Event Title

There's No Place like Home: Community Choir Shallaway and the Production of Cultural Identity

Presenter Information

Kiera Galway, University of Toronto

Start Date

30-5-2011 2:00 PM

End Date

30-5-2011 2:30 PM

Description

This paper considers the role of music in producing a cultural identity specific to Newfoundland (while recognizing that no culture is unitary). I focus on the community youth choir Shallaway and the ways their explicit commitment to fostering a collective cultural identity are implemented musically and socially. After the collapse of the cod industry, Susan Knight sought a way to help re-invent Newfoundland culture and society. Her solution was to form a community youth choir committed to preserving and disseminating Newfoundland culture and to facilitating the development of future leaders in the province. As she says, “The ethos and philosophy of the choir is about developing our young people to be strong, independent, confident and committed to this place with a very strong sense of cultural identity.” In this paper, I examine some of the musical and non-musical ways Newfoundland community youth choir Shallaway develops individual and communal cultural identity among its members. Content analysis of the choir’s website, mandate and promotional materials offer background for considering how the choir’s choice of repertoire (both traditional folk material and commissioned works) reflect and produce historical and social narratives, and interviews with choir members offer insight into how the choir’s young singers internalize these narratives. Part of music’s power (in terms of identity) is its ability to define a space without (geographical) boundaries. I argue that what makes music special for Newfoundlanders is its ability to define a place without boundaries –that is, ‘Newfoundland’ music denotes and invokes that culture wherever and whenever it is performed, remembered or otherwise present. As a Newfoundlander recently defected to the “mainland”, I think often of the responsibility our province’s young people bear in building the province’s economy and culture. I’m not alone - klatches of faithful Newfoundlanders tend to form in almost every province, a collectivity I playfully term ‘the Newfoundland diaspora’. The tension between staying at home, helping to revision the future of our place, and moving away to seek one’s individual fortune often plays out in the folk and popular music of our region. Through focus group sessions with former Shallaway members now living away from home, I investigate how the “home and away” dichotomy operates among choir members who have chosen to leave the province. I also look at music’s role in fetishizing the distant ‘home’, and its power to invoke and create collective memory in the ‘diasporic’ community.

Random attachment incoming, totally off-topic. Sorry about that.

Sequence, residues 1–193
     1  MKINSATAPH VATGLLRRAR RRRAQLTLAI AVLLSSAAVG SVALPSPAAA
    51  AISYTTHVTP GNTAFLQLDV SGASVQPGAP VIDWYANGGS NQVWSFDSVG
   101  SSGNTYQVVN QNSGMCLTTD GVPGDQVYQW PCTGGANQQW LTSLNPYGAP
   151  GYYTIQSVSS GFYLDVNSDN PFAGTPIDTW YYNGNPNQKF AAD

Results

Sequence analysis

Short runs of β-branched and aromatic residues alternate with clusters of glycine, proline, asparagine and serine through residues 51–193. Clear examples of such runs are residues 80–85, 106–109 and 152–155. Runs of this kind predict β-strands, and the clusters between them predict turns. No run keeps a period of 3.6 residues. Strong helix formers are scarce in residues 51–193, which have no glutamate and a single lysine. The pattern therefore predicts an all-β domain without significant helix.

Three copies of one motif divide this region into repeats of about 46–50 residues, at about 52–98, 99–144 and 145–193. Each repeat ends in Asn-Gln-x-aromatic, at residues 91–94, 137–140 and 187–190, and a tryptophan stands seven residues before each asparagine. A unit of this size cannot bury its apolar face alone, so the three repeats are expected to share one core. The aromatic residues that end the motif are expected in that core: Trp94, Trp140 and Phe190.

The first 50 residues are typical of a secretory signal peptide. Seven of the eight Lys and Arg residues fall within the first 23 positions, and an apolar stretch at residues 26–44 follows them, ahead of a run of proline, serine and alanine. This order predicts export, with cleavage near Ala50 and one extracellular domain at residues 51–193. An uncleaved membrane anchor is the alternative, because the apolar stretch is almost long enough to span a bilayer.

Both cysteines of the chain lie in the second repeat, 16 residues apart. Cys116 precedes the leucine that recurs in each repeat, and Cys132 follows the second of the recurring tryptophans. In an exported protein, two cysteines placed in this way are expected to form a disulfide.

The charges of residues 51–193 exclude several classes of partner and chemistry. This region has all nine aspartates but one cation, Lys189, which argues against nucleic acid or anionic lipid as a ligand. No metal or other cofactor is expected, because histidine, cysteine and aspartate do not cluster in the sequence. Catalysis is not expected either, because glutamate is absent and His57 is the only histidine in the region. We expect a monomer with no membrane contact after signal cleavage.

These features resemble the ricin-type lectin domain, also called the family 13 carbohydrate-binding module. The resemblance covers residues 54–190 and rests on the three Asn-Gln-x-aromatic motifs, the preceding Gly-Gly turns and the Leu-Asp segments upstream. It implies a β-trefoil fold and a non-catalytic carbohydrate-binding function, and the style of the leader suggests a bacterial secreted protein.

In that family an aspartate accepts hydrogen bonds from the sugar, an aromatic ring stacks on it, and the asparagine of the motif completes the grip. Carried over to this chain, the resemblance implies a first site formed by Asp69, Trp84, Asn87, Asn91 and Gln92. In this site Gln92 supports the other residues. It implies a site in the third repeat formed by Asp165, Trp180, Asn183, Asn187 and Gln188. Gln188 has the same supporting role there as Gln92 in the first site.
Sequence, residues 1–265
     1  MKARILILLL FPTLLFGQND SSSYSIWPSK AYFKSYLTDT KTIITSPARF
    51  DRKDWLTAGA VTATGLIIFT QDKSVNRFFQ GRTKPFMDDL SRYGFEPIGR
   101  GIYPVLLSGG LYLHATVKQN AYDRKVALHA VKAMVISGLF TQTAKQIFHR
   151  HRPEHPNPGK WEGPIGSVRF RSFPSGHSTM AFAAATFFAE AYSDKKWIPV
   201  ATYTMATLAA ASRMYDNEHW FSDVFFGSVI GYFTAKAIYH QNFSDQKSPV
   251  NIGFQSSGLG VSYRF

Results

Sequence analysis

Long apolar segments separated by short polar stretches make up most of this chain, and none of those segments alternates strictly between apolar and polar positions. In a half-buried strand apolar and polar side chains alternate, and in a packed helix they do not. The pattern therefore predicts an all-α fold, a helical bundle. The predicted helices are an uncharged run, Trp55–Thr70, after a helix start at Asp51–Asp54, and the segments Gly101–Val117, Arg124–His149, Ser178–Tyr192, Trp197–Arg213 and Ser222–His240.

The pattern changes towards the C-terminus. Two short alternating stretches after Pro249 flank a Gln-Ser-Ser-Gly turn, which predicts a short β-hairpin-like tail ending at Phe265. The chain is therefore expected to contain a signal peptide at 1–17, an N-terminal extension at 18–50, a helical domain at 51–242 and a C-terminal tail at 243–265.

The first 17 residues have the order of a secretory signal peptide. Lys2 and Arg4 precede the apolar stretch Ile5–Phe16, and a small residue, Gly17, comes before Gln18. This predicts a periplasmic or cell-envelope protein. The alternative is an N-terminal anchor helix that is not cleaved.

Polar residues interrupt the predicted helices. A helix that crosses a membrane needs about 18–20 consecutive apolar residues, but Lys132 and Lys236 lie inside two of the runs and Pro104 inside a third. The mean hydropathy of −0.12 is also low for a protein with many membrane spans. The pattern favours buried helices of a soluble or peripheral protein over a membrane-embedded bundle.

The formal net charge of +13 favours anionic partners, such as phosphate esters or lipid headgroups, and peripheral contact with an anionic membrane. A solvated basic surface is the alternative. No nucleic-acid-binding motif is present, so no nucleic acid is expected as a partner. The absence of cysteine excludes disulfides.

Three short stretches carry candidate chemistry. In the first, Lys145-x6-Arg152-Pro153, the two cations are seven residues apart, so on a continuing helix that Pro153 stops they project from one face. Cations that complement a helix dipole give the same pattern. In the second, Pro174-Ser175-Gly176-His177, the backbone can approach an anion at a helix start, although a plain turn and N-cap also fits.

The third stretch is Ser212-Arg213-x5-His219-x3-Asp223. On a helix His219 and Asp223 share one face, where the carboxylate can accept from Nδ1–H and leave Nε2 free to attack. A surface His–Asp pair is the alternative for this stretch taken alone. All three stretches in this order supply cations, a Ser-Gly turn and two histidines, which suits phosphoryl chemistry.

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May 30th, 2:00 PM May 30th, 2:30 PM

There's No Place like Home: Community Choir Shallaway and the Production of Cultural Identity

This paper considers the role of music in producing a cultural identity specific to Newfoundland (while recognizing that no culture is unitary). I focus on the community youth choir Shallaway and the ways their explicit commitment to fostering a collective cultural identity are implemented musically and socially. After the collapse of the cod industry, Susan Knight sought a way to help re-invent Newfoundland culture and society. Her solution was to form a community youth choir committed to preserving and disseminating Newfoundland culture and to facilitating the development of future leaders in the province. As she says, “The ethos and philosophy of the choir is about developing our young people to be strong, independent, confident and committed to this place with a very strong sense of cultural identity.” In this paper, I examine some of the musical and non-musical ways Newfoundland community youth choir Shallaway develops individual and communal cultural identity among its members. Content analysis of the choir’s website, mandate and promotional materials offer background for considering how the choir’s choice of repertoire (both traditional folk material and commissioned works) reflect and produce historical and social narratives, and interviews with choir members offer insight into how the choir’s young singers internalize these narratives. Part of music’s power (in terms of identity) is its ability to define a space without (geographical) boundaries. I argue that what makes music special for Newfoundlanders is its ability to define a place without boundaries –that is, ‘Newfoundland’ music denotes and invokes that culture wherever and whenever it is performed, remembered or otherwise present. As a Newfoundlander recently defected to the “mainland”, I think often of the responsibility our province’s young people bear in building the province’s economy and culture. I’m not alone - klatches of faithful Newfoundlanders tend to form in almost every province, a collectivity I playfully term ‘the Newfoundland diaspora’. The tension between staying at home, helping to revision the future of our place, and moving away to seek one’s individual fortune often plays out in the folk and popular music of our region. Through focus group sessions with former Shallaway members now living away from home, I investigate how the “home and away” dichotomy operates among choir members who have chosen to leave the province. I also look at music’s role in fetishizing the distant ‘home’, and its power to invoke and create collective memory in the ‘diasporic’ community.